Rolex DeepSea SeaDweller

One of the watches that always fascinated me is the DeepSea SeaDweller. Despite the size, I always appreciated the engineering and details that are in the Rolex DeepSea.
DeepSea Red Second Hand

Click any image for a larger picture (all images mine with some notable exceptions; scratches are real)

Rolex DeepSea in Ocean

One of the watches that always fascinated me is the DeepSea SeaDweller. Despite the heft the watch brings, I always appreciated the engineering and details that are in the Rolex DeepSea.

Also appealing is that the DeepSea has functions and details found on no other Rolex model. Like my other favorite Rolex, the revised 42mm Explorer II 216570, the DeepSea is only available in 904L stainless steel.

Rolex DeepSea North Pole

The DeepSea features that speak to me (aka -are just cool) are the crystal, bracelet clasp, and the titanium ring lock caseback. These details are what drew me to the watch and are the same features that are found on no other watch, including ones in the Rolex line.

Another aspect is the watch's DNA for traveling to places that people cannot comprehend. From the bottom of the Mariana Trench to the underside of the North Pole, this watch DeepSea has garnered a provenance of durability in the most unimaginable adventures. The image to the left is the National Geographic expedition to going under the ice of the North Pole.

Taking more than 50 dives in the frigid water photographing the underside of impenetrable ice, the Rolex DeepSea performed flawlessly.

To survive the three tons of pressure on the watch face found at 12,800 feet, Rolex utilizes the Ringlock system of a thick domed crystal, a nitrogen-alloyed Biodur-108 steel central ring, and a grade 5 titanium caseback, -all cool aerospace grade materials. Biodur-108 steel is frequently found around MRI machines and used in implantable orthopedic applications because of its high fatigue strength rating and non-magnetic properties.

Rolex DeepSea

The first aspect that stands out is the 5.5mm thick domed sapphire crystal and how it appears seamless and in the same plane as the ceramic bezel. Unlike other Rolex models where the crystal height is on a completely separate plane as the bezel, the DeepSea bezel and crystal seam are flush. Like with the original SeaDweller 16600, there is no cyclops above the date because it would magnify too large because of the distance created by extra thick crystal. Additionally, the domed crystal cuts down on reflection and make reading the watch face a pure joy. Despite popular belief otherwise, there is a laser etched Rolex crown at the 6:00 o'clock position, but it takes a pretty bright SureFire LED light to see it.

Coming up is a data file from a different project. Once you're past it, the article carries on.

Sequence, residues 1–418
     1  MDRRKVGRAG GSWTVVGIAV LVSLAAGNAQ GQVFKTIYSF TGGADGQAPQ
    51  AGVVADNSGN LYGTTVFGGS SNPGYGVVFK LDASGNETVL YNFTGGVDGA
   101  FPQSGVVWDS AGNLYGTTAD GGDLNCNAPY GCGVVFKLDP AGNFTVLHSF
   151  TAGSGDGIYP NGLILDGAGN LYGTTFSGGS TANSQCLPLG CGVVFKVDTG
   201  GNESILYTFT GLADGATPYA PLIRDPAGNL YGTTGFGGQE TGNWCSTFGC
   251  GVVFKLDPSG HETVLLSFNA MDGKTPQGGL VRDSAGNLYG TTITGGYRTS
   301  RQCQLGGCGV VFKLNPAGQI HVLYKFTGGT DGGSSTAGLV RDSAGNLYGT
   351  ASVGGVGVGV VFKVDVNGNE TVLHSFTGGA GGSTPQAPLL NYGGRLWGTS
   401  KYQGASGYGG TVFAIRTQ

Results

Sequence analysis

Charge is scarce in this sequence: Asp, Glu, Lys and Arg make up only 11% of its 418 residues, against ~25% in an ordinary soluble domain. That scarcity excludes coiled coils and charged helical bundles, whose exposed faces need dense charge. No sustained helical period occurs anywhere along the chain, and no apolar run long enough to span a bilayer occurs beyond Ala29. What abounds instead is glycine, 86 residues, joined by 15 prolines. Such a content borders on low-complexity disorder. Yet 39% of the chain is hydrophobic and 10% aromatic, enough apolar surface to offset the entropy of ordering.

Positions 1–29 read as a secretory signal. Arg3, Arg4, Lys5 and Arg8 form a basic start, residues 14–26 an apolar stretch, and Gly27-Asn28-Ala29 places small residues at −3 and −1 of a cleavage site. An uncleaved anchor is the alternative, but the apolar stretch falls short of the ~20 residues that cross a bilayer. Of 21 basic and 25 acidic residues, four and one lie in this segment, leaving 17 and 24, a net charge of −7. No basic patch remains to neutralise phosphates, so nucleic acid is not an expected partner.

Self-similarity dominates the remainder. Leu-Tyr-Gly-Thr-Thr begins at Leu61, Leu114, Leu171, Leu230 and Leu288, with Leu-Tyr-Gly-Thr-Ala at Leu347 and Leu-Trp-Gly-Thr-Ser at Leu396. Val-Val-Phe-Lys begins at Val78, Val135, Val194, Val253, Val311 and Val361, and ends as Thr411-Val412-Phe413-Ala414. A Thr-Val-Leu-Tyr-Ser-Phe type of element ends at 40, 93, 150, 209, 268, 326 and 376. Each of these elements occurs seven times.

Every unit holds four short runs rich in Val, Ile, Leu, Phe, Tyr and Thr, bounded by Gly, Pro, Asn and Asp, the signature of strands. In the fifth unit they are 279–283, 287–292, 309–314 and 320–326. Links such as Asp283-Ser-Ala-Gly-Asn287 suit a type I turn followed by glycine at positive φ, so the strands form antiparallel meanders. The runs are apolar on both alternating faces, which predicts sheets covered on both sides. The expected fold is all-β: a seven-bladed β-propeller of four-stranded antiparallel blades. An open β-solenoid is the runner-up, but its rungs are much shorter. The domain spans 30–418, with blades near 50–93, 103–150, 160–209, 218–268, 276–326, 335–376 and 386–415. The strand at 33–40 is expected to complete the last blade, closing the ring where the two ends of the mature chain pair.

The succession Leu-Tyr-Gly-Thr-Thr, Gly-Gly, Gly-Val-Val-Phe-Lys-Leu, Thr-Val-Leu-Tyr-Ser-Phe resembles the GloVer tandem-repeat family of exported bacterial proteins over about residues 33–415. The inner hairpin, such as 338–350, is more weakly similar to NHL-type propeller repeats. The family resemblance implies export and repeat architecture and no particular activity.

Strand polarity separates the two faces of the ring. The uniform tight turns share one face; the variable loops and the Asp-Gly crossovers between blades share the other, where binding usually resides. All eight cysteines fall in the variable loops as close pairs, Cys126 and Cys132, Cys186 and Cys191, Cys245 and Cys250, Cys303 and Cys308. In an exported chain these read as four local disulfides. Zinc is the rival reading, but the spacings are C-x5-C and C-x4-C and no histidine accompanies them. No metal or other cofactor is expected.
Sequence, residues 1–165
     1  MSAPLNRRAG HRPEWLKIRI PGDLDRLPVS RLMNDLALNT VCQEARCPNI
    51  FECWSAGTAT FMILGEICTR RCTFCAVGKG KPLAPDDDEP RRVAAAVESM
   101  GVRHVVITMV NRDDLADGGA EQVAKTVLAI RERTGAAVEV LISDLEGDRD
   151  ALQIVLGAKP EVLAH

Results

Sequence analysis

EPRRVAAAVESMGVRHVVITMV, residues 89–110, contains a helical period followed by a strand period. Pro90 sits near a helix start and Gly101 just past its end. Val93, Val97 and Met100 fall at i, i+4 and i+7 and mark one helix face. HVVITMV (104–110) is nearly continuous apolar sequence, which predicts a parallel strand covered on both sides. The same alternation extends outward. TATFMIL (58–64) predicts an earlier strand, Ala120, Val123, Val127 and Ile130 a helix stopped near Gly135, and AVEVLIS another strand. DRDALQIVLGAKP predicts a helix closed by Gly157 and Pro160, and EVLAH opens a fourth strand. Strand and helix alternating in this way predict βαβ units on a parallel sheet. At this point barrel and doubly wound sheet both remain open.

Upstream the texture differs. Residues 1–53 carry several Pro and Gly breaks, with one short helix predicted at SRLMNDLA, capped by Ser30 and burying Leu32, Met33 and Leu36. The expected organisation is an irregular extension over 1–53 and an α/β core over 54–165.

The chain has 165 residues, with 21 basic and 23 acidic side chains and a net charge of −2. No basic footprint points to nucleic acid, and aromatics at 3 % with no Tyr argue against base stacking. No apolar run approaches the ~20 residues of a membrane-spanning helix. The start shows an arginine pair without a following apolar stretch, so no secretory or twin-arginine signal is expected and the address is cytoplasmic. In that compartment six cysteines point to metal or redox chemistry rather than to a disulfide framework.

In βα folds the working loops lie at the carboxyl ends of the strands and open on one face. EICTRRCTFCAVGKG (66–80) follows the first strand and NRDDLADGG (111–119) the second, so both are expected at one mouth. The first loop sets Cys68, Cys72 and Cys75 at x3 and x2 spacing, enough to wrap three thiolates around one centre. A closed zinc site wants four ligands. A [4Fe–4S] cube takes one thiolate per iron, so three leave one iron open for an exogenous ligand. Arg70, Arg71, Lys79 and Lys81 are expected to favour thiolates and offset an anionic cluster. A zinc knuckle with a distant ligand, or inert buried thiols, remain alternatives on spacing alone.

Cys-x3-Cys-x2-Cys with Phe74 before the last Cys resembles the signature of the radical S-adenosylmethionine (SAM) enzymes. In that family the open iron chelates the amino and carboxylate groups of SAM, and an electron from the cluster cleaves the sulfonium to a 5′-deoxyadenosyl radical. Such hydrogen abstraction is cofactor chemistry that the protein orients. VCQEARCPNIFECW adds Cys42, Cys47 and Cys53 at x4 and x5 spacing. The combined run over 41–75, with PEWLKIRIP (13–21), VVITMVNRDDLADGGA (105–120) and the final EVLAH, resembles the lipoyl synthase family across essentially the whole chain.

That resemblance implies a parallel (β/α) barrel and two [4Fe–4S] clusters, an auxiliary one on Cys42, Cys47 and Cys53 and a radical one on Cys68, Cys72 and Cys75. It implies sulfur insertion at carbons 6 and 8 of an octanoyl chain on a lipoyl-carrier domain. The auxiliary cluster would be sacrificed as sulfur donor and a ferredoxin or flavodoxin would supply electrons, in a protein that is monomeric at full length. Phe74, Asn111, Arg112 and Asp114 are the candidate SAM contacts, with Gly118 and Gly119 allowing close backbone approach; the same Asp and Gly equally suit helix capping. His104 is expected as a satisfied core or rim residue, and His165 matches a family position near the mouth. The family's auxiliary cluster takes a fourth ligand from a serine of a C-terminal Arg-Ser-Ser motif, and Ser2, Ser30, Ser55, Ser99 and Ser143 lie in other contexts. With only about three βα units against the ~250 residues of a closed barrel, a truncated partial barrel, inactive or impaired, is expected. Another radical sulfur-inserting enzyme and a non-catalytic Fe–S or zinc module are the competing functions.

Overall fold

The second entirely cool feature is the Glidelock clasp. Although named the same, the DeepSea Glidelock is an entirely different design found on the Submariner models. The Glidelock clasp on the Submariner looks like the image on the right. An interior link pops-up and the link slides inside the clasp.

Glidelock Clasp

On the DeepSea, the Gildelock clasp looks like the image to the right.

The DeepSea Glidelock has a spring loaded candilever lever hidden in the bracelet clasp cover. The nice thing with this clasp is that you do not need to remove the DeepSea from your wrist to make a quick adjustment. Each increment is 2mm, much more refined than the 5mm half-link found inside the Oyster Clasp on Explorer II, GMT II, and on DateJusts, and a 1000 percent improvement over the adjustability of the older tuna-can clasps found on the 16600 SeaDweller.

The immediate image on the right is a Glidelock clasp from a Submariner.

An indepth review of the Glidelock clasps can be found here.

Rolex Glidelock Clasp
Glidelock Bracelet

The Grade 5 titanium caseback is also a technical marvel. Rolex's promotional images show the caseback as being domed, but this optical illusion is just that. The titanium caseback is flat and the flat section is the same diameter as most other Rolex casebacks, but is 3.28mm thick. Like with the 16600 SeaDweller, the outside edge of the caseback is engraved with the model and depth rating.

Rolex DeepSea Caseback

Chromalight and Visibility